Fostex is a huge pro-audio-based company out of Japan, but it also has a domestic arm, and that domestic arm makes some very clever products. The HP-P1 is the perfect example of just how smart Fostex is at reading the market.
The HP-P1 is a DAC+headphone amplifier, but one designed for those on the move as well as those with a penchant for plugging in next to a laptop. It works by using a built-in battery, so that you can hook your iDevice or other smartphone to the USB connector. It has apple Authentication (it registers on the ‘About’ section of your iPod or iPhone) and a shortened Apple connector-USB cable so that the two can hook up on the move. It also has a separate traditional USB connector allowing the user to charge the battery from a laptop or a plugtop USB charger. You cannot charge the P1 through the iDevice (that’s a no-no under Apple’s own rules). The P1 comes with a dinky little pouch, but should also come with a strap or two to harness it to your smartphone, or iPod (at a pinch, two of those red rubber bands posties leave all over the place, or a charity wristband both make good alternatives). It features a conventional potentiometer combined volume control/power switch that feels good in the hand, and has three gain settings and two filter settings to fine tune the sound. It’ll take you about five hours from exhausted to full battery and the fully-charged battery will keep you going from London to New York, or roughly seven hours.
Under the hood, it’s built using the AKM 4480, 32-bit DAC chipset, which is used almost exclusively by Fostex for this device. It has two filter options; the first is a standard sharp roll-off, but filter two is a minimum delay filter to limit pre-echo (this only works on the digital input, naturally; the analogue mini-jack line input is untouched by a digital filter option). I significantly preferred option two in use, but the beauty is the option is there for all and instantly switchable. There’s also a cheeky bonus that comes with the Fostex. It includes a line audio output mini-jack, which allows you to take the output of your iPod and hook it to a full-blown stereo system or even to a recorder, without the need for a docking device. It also comes with a Toslink connector for digital hook-ups…and potentially digital recording off an iPod!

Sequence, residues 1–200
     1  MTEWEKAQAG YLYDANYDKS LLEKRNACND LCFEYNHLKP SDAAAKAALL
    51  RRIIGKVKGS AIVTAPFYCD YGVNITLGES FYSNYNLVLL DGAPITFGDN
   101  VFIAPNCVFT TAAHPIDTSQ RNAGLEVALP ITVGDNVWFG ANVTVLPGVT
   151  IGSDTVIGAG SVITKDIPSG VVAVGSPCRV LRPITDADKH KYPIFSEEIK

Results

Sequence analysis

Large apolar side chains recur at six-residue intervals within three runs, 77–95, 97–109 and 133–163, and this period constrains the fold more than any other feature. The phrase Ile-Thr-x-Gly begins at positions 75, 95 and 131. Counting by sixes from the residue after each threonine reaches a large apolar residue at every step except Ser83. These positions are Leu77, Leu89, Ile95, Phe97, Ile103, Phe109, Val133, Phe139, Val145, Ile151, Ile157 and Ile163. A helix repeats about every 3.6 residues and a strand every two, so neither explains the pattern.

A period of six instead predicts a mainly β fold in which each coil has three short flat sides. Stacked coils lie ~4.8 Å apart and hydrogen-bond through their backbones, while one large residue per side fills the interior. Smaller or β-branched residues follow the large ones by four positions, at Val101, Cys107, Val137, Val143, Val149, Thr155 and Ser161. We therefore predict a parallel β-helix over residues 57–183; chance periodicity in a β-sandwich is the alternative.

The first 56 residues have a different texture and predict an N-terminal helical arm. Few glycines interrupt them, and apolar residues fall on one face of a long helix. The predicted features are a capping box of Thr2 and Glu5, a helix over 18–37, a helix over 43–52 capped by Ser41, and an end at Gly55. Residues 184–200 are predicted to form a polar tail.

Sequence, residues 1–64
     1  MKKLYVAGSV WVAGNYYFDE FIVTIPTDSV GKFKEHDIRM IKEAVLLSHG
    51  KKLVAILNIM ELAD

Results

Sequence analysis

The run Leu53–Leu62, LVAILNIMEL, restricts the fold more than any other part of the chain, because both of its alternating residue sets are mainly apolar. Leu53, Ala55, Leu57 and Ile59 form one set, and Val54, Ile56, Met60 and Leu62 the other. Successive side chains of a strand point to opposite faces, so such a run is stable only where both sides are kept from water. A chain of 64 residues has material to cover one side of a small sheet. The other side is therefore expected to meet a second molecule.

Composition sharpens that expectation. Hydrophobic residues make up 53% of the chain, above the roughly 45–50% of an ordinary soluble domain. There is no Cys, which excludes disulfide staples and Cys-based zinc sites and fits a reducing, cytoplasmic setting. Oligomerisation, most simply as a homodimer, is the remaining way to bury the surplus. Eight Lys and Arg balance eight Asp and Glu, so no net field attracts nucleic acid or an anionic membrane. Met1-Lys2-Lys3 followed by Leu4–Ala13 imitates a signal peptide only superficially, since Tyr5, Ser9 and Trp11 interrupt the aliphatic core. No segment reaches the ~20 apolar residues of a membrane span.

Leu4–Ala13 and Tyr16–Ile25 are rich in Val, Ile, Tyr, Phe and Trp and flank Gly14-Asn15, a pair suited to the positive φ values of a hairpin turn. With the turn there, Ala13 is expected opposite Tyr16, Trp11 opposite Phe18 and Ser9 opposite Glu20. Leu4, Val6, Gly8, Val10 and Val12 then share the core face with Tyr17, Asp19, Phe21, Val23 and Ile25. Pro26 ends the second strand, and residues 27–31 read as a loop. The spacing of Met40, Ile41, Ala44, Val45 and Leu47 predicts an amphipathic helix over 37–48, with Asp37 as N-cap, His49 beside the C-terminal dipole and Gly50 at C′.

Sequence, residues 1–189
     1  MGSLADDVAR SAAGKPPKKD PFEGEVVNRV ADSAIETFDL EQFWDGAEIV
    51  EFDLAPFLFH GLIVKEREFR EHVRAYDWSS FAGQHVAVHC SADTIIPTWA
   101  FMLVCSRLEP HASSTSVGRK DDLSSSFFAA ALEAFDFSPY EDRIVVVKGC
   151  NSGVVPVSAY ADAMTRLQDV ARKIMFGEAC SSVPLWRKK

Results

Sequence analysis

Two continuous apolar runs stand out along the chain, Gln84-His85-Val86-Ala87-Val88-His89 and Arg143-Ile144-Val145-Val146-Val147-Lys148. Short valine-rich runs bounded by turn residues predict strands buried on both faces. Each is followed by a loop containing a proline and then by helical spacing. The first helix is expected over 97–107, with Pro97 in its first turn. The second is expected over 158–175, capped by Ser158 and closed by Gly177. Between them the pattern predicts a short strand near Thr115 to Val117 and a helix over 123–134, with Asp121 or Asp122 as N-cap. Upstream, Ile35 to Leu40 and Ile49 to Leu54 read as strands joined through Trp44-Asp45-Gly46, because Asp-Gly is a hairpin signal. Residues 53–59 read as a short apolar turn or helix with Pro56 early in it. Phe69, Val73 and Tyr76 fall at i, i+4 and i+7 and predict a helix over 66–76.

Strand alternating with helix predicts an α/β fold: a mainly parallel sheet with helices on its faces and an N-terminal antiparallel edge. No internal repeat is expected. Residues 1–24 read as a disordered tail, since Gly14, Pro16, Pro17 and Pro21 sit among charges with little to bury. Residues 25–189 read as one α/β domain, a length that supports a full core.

Fostex recommends headphones of a greater than 16-ohm impedance and the amp itself delivers 80mW, more than enough to drive most headphones and IEMs well. Don’t move too far outside of its happy place though, because the amp will begin to show its limits. So, no power hungry planar magnetics type headphones (the HiFiMAN HE-500s were a stretch). On the other hand, a pair of headphones like the Sennheiser HD-25-I IIs, the Focal Spirit Ones or the Sony MDR-7506s I use for recording work perfectly.
There’s three questions to address here. The first is ‘why?’ The iPod has a perfectly good headphone socket in its own right. This is a pretty simple fix; the HP-P1 brings desktop audio quality to portable audio rigs. It allows the iPod user a wider range of headphones at a wider range of volume levels without strain, and – unlike any iPod or iPhone bought in the EU – there isn’t a volume limit to constrain you. While that means ‘louder’ which spells hearing damage, it also means ‘more dynamic headroom’ at any volume level, which means better sound. Unequivocally. Uncontestably.
The next question is ‘how does it compare?’ In a way, this is a tougher question because it’s almost in a class of its own. Few single box devices for a portable player combine digital input and amp in a single, elegant box. There are single-box headphone amps that are designed to glom onto a computer for someone wanting better quality than the supplied socket. There are stack box systems comprising little DAC and little headphone amp that when all strapped together turn a svelte little device like an iPod into something that makes you think “prototype”. The Fostex takes all those things and turns them into one box that is still inherently portable.
The last question is ‘how does it sound’? It’s crisp, clean, inherently neutral and detailed. Extremely detailed. This isn’t the kind of headphone amp you’ll choose if the first word that comes to mind is ‘rich’ or ‘lush’ or something similar. Instead, it’s rather like choosing really good detailed solid state amplification in your main audio rig. It’s precise and controlled, and pretty much what you need from a headphone amp on the move. And it’s in the sound quality where the iPod on its own falls flat, lacking dynamic range and energy on any recording that has some dynamic range. In short, it’s like you moved your hi-fi system in between your ears.